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Maine New Bullying Law Targeted for Changes
04/19/2013   Reported By: A.J. Higgins

Maine lawmakers enacted a bill last year that was supposed to address the problem of bullying in Maine schools. But one state lawmaker says the current law is too broadly written, and he wants some changes. Members of the Legislature's Education Committee heard from those on both sides of the issue during an afternoon public hearing. A.J. Higgins has more.

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As the husband of an educator, state Rep. Michael McClellan supported a bill a year ago that gave teachers and school administrators new tools to confront all forms of bullying. But he says what seemed like a good idea at first may have been applied too broadly.

McClellan says there are increasing incidents of activity that might be something other than bullying. He points to a Maryland case involving a seven-year-old as an example.

"We've all read the story of a kid who carves a gun out of a piece of bread at lunch, you know, a kindergartener, and gets suspended from school - that kind of a situation where it probably shouldn't be called bullying," he said. "And, of course, if you call someone a bully, you've labeled them for life now - it's going to be in their file."

Nothing quite like that has happened in Maine, but McClellan says there are fairly innocuous events that happen weekly in Maine that are triggering bullying allegations because of the way Maine's law is written.

"This person shared that they're a parent, have a young child in elementary school, and one day, simply on the playground said to someone else, 'So-and-so likes you.' And the parent got a note from the school with a check list saying your son was bullying this other kid," McClellan said.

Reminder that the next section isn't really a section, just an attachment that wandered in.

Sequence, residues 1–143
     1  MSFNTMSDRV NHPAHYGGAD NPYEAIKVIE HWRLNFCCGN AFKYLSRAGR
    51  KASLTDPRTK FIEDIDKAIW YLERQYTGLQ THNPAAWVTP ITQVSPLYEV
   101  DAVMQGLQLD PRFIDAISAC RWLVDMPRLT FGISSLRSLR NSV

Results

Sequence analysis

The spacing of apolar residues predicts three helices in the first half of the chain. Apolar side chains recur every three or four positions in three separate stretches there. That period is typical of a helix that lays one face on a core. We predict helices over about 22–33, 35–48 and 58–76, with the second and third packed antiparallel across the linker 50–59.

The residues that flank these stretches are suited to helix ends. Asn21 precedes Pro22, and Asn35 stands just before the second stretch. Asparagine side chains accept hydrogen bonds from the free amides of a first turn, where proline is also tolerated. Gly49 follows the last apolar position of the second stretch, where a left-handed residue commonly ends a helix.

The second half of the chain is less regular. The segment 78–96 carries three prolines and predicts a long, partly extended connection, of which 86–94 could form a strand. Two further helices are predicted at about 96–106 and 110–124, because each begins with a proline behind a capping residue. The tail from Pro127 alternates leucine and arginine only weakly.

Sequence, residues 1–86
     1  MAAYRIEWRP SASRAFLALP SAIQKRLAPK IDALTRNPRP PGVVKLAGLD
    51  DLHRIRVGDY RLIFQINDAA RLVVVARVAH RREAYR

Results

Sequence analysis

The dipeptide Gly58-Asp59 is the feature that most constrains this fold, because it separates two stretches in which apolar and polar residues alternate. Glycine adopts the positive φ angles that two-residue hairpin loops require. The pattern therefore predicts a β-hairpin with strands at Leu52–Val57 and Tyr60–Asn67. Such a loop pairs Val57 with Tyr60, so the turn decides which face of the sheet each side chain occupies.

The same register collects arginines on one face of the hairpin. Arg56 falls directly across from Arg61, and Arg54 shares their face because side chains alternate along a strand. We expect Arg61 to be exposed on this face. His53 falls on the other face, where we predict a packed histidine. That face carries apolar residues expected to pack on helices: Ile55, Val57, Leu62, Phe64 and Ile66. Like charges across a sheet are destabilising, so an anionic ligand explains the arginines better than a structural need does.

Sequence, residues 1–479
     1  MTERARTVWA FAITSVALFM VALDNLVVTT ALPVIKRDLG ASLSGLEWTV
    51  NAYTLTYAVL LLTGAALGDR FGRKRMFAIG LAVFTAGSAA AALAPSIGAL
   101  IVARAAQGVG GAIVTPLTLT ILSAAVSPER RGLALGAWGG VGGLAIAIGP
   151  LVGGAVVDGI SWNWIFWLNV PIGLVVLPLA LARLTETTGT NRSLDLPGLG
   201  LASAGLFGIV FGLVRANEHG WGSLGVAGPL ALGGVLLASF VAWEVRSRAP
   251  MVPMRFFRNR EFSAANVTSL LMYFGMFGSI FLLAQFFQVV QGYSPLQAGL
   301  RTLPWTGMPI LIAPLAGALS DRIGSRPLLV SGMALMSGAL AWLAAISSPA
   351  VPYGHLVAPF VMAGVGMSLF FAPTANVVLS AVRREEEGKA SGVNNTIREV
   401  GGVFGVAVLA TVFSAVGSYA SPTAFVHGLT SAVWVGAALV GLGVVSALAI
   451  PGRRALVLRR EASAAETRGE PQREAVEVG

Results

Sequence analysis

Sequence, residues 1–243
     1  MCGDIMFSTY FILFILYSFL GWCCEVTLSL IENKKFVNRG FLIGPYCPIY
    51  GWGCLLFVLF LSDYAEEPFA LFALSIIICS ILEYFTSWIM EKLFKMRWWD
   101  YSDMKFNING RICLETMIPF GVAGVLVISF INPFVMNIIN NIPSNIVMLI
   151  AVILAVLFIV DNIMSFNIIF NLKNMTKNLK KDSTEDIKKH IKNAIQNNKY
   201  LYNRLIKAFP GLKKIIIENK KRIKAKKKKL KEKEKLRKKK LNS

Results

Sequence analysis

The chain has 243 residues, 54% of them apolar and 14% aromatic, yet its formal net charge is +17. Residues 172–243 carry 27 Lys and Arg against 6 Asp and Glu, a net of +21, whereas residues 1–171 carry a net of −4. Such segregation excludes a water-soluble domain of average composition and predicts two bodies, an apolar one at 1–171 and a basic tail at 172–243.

McClelllan's bill would allow educators on a first time basis to make a decision on whether the first-time activity really constitutes bullying, and would also reduce the scope of tracking paperwork that must be completed each time a bullying offense is lodged against a student.

Penny Morrell, of Concerned Women for America of Maine, thinks McClellan's right. She says the real problem in the current law lies in its zero tolerance provisions.

"Because of the zero tolerance, every little infraction involves the parent, the teacher, you have to write up all this information and it goes in their file," Morrell said. "It's cumbersome, as Rep. McClellan gave in his testimony, and it takes away time from the educational process."

The latitude McClellan's bill would provide might be welcome by some teachers, but others could be caught in a difficult legal situation if a situation initially perceived as minor ultimately led to more serious incidents of real bullying. Grace Leavitt is vice-president of the Maine Education Association, which is opposing the bill.

"Bullying has become an epidemic," she said. "Every day, 160,000 children miss school due to a fear of being bullied. To ignore bullying behavior is an unacceptable alternative to confronting the problems behind bullying. Though we support the concept of conflict resolution being used to help both bullies and victims, we believe we must document each and every incident."

The committee is scheduled to work the bill alter this month.


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